Wednesday April 28, 2021
Eastern Time (ET)
View session on the EB Virtual Platform (EB registration required)
Western New England University, College of Pharmacy and Health Sciences
Alabama College of Osteopathic Medicine
This session will: 1) showcase innovative strategies and methods for the teaching of pharmacology, physiology, biochemistry, and other biomedical science concepts and 2) briefly discuss how the teaching methods were implemented during emergency remote learning due to the COVID-19 pandemic. Speakers will present their inventive teaching practices or laboratory activities in brief interactive demonstrations followed by audience discussion. Participants will not only gain new teaching ideas but also guidance in how to implement these activities for remote learning.
NOTE: In order to utilize the full functionality of Zoom, please download or update to the latest version of Zoom.
- Duquesne University School of Pharmacy
Game of International Drug Discovery
Within an elective course for Third Year pharmacy students, I teach about the drug discovery process and international collaborations to discover natural products. To engage the students in better understanding the complex relationships between countries within this process we utilize an in-class game simulation where groups of students try to achieve preset goals in collaboration and competition with other groups. Gamification of these concepts help students better understand the complexity and motivations behind the process of natural products drug discovery.
- Oakland University, William Beaumont School of Medicine
Using Team-based Learning in a Virtual Environment to Enhance Decision Making in Biomedical Sciences
Students must learn that in a real-life setting, many answers to medical questions may not always be black or white, in which case there may be more than one appropriate way to address a difficult problem. Incorporating video-conferencing software with other online tools, team-based learning (TBL) can be used in a virtual environment to present complicated scenarios in pharmacology. Cases can be designed to help students at all levels, whether high school or professional students, to become more comfortable with the ambiguity they will often experience when making difficult decisions.
- Texas Christian Univ, Univ of North Texas Health Science Center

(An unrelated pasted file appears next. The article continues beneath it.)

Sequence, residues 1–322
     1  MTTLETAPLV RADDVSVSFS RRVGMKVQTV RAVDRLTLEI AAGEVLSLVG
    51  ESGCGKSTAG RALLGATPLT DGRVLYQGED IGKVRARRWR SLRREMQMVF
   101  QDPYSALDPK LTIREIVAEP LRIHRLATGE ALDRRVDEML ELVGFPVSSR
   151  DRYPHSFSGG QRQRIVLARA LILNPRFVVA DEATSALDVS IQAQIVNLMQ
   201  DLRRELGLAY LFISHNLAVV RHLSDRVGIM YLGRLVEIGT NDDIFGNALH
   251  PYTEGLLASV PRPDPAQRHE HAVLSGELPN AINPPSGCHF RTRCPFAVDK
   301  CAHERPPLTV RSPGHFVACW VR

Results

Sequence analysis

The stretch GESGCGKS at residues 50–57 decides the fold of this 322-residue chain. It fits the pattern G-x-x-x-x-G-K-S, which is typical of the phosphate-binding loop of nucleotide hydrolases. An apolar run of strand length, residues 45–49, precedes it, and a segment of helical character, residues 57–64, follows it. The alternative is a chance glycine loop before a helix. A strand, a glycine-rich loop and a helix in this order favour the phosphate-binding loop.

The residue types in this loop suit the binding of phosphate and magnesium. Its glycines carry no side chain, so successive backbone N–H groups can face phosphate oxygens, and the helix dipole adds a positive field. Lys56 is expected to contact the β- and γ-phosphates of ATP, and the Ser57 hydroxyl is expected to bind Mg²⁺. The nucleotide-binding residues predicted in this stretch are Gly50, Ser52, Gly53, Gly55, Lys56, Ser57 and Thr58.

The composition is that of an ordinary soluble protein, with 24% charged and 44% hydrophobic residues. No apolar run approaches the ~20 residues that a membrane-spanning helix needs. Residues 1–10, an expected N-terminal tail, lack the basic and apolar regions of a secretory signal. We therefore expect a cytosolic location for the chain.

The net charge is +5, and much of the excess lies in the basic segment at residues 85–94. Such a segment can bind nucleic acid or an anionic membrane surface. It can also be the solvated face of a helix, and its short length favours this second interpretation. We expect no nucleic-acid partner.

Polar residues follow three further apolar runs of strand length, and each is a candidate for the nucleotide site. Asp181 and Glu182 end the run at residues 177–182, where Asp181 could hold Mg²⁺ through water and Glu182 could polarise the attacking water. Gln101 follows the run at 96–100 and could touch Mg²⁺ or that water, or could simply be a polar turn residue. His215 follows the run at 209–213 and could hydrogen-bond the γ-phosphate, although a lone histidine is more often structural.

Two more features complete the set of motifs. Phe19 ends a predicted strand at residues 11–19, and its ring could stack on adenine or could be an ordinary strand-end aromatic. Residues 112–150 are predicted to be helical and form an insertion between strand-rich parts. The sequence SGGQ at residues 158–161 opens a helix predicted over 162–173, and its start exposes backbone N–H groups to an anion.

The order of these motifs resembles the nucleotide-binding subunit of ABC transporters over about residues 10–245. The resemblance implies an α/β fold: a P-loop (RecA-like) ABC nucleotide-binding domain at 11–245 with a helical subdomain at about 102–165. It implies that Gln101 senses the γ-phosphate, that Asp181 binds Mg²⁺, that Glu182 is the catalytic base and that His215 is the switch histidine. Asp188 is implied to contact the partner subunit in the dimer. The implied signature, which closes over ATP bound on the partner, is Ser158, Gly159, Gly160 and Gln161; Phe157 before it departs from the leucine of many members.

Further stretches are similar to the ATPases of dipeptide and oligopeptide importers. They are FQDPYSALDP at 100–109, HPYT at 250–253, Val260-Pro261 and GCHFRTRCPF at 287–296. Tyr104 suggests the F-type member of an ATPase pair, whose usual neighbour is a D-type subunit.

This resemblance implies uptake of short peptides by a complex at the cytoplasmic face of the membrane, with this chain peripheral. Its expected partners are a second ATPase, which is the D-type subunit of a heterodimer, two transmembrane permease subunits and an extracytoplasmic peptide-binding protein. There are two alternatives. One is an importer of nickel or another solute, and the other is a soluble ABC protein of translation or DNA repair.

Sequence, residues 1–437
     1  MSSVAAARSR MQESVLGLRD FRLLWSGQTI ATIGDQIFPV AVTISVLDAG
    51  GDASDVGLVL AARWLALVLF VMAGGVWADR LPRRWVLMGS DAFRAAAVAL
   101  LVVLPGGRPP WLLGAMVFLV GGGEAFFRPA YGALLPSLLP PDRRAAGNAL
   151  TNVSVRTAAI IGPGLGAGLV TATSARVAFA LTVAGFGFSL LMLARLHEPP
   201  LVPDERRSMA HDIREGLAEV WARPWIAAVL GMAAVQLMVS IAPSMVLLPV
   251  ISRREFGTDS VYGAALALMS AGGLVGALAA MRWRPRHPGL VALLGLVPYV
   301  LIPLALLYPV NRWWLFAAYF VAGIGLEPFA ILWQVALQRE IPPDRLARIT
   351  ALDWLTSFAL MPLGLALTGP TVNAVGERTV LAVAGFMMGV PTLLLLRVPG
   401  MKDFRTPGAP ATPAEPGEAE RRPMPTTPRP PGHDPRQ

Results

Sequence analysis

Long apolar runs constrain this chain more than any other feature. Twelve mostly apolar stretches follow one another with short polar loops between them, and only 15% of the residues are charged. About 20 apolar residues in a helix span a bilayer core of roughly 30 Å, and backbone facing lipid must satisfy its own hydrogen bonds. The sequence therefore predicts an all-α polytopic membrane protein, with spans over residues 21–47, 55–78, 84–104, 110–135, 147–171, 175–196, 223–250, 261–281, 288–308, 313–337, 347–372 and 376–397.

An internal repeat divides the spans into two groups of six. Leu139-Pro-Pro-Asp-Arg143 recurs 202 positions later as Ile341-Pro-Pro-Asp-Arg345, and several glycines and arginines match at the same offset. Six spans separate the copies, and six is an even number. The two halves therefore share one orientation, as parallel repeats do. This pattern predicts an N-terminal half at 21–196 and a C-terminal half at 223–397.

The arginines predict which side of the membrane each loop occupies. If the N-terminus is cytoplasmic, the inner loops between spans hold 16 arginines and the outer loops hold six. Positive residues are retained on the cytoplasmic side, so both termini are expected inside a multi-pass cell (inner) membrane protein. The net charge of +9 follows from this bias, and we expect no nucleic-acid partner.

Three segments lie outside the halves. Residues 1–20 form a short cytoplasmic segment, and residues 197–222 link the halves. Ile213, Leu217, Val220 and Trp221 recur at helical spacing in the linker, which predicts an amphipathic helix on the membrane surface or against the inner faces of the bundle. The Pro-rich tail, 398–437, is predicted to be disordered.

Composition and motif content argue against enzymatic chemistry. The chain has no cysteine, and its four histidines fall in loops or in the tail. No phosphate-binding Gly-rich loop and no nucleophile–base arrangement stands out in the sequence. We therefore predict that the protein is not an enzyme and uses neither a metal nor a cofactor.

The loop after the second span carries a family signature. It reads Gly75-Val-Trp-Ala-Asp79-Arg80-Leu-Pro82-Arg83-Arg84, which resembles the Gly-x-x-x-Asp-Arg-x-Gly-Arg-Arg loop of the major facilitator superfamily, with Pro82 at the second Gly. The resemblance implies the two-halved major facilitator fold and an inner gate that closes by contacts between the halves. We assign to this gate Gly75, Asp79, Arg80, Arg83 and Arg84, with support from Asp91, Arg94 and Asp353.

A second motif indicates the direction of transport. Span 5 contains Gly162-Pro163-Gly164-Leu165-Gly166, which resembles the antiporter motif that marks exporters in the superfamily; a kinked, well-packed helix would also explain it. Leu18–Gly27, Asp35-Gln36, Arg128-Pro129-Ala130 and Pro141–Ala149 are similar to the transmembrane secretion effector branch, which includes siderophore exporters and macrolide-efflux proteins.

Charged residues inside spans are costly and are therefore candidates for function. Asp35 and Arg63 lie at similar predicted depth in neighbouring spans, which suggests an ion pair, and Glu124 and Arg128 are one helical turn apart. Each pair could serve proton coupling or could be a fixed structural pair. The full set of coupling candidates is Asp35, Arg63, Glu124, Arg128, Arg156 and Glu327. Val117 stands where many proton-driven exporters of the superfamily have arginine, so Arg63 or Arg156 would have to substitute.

Clinical Vignettes as Relevant Context for Learning Biomedical Sciences
The presentation will cover how pharmacology content is presented using appropriate clinical cases. These clinical cases are used to provide an active learning educational environment for student learning. In addition, value of the instructional method using in-person and online formats will be discussed.
- Universidad de Los Andes
Virtual Adaptation of a Metacognitive Intervention in a Biomedical Sciences Course: “Memory Clinics” in a Digital Environment
“Memory Clinics” were originally developed as memory challenges aimed at developing metacognitive skills with students in a medical pharmacology course. After positive results were obtained with a physical intervention, Memory Clinics are currently being adapted to take place in a virtual environment through the Educaplay platform, while maintaining the educational goals and general methodology of the traditional intervention.
- Fairleigh Dickinson University School of Pharmacy & Health Sciences
Innovative Teaching for Cultural Awareness Education
Using obesity course as a model to educate individuals from different backgrounds and cultures.
- Western New England University, College of Pharmacy and Health Sciences
Flowcharts: A Teaching and Learning Tool Designed to Integrate Biomedical Sciences with Clinical Sciences
Successful curricular integration of therapeutics with foundational science courses in pharmacy schools has long been a goal of the Accreditation Council for Pharmacy Education. After several years of declining student outcomes in the Acute Cardiovascular pharmacotherapeutics course, integrated flowcharts were introduced to improve student learning and course outcomes. The integrated flowcharts provide a summary of therapeutic decision making based on applying knowledge gained from the pharmacology and therapeutics content. These charts are completed by the students during class while actively discussing the "steps" with the instructors, thereby promoting classroom participation and engagement. Implementation of the use of flowcharts was also seamless during the COVID-19 pandemic semester. The class was divided into small sessions, while the instructors' used zoom/MS whiteboard® to complete the charts with synchronous delivery. An individual student or open responses from the group were solicited as the instructors completed the charts on the call using MS PowerPoint/whiteboard®. The implementation of the flowcharts has been positively favored by the students and has significantly improved overall course outcomes.